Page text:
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David Lord Talks Francis Moss And Finding Inspiration In Nature

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Lindsay Lord
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Guitarist David Lord’s latest release under the Francis Moss moniker is Tickor. The album finds the Wichita-based musician continuing to work in his highly imaginative manner via a series of compositions that have rather organic origins. Joining Lord on this new release is percussionist Will Erickson (Team Tremolo, Spirit of the Stairs).

Jedd Beaudoin: Most of your records have a concept behind them. How about this one?

David Lord: A friend of mine in Sweden works with this group that goes up into the old growth forests in northern Scandinavia. They’re working to preserve those forests. One project [involved] trying to track or document all these certain types of mushrooms in the northern parts of Sweden. [My friend] sent me a booklet full of all these different kinds of mushrooms. So, each song here is about a different mushroom in northern Sweden.

I want to talk a little bit about the role that nature has played in your music. Did you grow up enjoying nature or was that something that came later on?

I grew up camping. My family would always go on a long vacation each summer and we’d camp the whole time. I don’t know that I appreciated it at the time but maybe it set a foundation for appreciating it. Living in Kansas, it’s beautiful, you’ve got a big sky but you don’t get much with the woods, the forests. In my travels, I’ve had little glimpses of that. I come back and make music as a way to connect with it. If I lived in a place where I was going to the forest every weekend maybe I wouldn’t write music about it. Maybe it’s a way to pretend to be in the forest because I think there’s kind of a yearning for that.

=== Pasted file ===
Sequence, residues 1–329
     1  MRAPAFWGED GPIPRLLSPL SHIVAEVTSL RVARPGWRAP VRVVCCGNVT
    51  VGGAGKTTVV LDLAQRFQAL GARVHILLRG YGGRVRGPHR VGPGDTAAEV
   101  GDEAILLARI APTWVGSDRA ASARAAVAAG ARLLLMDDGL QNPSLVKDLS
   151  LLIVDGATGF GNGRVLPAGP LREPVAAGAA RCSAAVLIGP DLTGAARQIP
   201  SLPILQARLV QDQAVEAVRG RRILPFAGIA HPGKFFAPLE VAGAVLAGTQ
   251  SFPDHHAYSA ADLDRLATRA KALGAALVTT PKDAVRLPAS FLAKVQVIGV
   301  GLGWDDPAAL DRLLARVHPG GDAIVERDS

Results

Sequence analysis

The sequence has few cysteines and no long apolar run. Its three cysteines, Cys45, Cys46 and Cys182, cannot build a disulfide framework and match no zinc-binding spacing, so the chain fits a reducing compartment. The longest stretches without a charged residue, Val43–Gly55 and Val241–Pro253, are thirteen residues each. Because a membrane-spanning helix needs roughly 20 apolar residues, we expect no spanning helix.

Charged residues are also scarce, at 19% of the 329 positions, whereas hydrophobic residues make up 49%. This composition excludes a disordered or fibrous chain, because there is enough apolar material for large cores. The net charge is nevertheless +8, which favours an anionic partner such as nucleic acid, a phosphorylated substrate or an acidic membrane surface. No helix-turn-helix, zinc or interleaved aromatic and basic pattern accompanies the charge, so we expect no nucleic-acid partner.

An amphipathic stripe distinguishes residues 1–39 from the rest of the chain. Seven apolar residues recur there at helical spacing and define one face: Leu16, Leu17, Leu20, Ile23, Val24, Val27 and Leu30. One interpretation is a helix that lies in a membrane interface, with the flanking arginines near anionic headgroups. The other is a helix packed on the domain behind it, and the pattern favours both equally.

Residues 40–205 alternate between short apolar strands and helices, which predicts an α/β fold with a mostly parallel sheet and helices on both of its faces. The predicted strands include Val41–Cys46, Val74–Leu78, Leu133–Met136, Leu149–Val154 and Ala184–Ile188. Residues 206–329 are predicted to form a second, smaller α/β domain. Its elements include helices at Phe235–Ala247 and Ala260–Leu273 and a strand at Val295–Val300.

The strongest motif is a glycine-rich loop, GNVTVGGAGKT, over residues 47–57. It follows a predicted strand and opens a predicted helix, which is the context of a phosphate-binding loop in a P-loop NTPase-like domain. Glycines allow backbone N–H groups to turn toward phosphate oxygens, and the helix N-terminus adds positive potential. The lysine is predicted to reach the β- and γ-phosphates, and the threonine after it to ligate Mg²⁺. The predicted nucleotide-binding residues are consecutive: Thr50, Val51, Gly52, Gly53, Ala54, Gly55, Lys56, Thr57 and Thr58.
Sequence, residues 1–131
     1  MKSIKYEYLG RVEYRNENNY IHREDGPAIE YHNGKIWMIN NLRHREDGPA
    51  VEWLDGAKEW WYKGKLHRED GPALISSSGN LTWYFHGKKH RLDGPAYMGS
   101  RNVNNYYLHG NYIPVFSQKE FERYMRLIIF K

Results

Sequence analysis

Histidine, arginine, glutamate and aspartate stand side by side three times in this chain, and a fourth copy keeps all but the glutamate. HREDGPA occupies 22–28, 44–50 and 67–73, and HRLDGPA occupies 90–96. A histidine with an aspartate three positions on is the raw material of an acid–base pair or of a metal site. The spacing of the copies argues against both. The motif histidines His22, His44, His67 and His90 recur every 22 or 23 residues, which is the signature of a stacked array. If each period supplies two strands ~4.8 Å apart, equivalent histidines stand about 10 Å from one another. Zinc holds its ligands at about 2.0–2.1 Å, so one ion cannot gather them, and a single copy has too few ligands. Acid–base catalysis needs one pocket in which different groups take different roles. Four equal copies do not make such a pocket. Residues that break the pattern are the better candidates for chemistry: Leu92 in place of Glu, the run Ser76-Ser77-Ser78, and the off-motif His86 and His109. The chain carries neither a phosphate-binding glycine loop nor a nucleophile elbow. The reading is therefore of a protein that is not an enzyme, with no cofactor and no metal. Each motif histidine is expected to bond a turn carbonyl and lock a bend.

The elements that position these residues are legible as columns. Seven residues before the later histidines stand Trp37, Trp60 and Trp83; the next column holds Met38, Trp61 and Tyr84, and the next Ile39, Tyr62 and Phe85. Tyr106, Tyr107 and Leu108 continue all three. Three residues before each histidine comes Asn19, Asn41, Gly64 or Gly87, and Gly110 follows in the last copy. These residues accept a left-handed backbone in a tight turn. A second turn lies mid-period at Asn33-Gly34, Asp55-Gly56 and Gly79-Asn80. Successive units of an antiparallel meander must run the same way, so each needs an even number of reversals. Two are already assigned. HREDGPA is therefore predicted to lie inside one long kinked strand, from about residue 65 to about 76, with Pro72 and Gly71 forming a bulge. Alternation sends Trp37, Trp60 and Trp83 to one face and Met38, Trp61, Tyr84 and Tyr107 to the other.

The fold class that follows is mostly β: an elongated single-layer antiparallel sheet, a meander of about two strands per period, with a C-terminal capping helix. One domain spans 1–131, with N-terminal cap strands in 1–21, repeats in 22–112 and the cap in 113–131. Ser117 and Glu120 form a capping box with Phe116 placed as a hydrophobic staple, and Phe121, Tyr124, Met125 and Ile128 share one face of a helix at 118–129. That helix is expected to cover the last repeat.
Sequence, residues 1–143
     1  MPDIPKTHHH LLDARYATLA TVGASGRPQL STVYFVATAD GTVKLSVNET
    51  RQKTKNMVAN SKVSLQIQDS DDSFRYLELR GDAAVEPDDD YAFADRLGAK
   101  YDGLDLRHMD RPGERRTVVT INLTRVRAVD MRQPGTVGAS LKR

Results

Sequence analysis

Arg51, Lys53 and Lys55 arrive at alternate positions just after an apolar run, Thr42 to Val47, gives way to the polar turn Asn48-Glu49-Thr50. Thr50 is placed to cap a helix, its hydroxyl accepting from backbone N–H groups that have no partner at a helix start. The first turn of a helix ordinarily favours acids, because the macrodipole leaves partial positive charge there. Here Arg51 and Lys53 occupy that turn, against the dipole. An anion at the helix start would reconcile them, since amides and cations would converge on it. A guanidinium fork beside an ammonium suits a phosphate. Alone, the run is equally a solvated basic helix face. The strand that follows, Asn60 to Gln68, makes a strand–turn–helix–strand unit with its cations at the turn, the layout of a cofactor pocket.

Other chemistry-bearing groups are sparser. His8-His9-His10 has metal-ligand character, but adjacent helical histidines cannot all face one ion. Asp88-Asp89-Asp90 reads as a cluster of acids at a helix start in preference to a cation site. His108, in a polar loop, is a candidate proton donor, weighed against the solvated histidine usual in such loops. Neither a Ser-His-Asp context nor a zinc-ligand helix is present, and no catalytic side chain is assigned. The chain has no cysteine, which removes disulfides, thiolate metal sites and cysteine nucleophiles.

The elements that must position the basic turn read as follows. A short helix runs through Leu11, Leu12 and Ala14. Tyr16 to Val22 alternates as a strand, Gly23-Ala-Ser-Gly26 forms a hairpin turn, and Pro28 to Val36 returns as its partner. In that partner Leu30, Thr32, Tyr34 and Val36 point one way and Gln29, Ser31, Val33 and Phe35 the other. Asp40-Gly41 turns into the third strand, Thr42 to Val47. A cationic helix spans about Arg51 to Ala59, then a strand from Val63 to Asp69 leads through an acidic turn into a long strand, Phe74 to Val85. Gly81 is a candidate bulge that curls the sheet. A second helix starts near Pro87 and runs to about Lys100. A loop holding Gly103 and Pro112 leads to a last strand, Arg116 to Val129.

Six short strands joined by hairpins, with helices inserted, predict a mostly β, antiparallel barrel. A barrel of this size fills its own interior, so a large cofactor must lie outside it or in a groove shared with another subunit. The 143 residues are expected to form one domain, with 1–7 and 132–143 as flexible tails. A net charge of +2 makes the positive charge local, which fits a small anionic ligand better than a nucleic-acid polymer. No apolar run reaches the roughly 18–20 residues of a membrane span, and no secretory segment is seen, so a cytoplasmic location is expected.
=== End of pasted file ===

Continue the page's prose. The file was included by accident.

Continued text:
I notice that when I travel, I experience changes. This last summer I went to Minnesota and as I was driving, somewhere in Iowa, I noticed that my breathing changed. The air was different. I felt good and I found the feeling inspirational.

Exactly. That’s another thing that happens. When you go into a place like that with that much natural energy and that much density of life. To me, it opens up places in my mind. Usually, rather quickly, I can go back home and translate that into music. A lot of my music has come from an experience where, literally, I’ll be in the forest and I can feel this little component in my mind open up that has a sonic element to it. I can feel a type of music come from it. Then I’ll go back home and it’s still there and I just try to make music from it. Honestly, that’s where a lot of this stuff comes from.

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You also brought Will Erickson in on this project to play percussion. Did you know all along that you wanted to use him or did it come to a point where you thought, ‘Gosh, this could really use percussion and Will’s the guy?’

When I wrote it all I thought it would be just guitar. I didn’t plan on having percussion but the songs really seemed to call for it. I asked Will to come and try it out. It turned out much better than I had anticipated. It really helps ground and bring the compositions to life, I think.

Is live performance something that you still enjoy doing or do you see yourself as being more oriented toward the studio?

I enjoy the studio a lot more. I always feel like I should play live, so it’s always on my mind: ‘I put out an album, I should probably play a show or two.’ I haven’t really been able to put together a group I’ve been totally happy with. Playing by myself with the loop station is a little bit limiting. Overall, my preference is to just to record. I do enjoy playing live but I haven’t been doing it that much lately. I’m also getting older and I don’t like staying up late. Playing a bar show where I’m up until 2 a.m., I tend to turn those opportunities down most of the time. I hope to play live more, it’s something I’m always telling myself I should do.

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Jedd Beaudoin is the host of Strange Currency. Follow him on Twitter @JeddBeaudoin.

 
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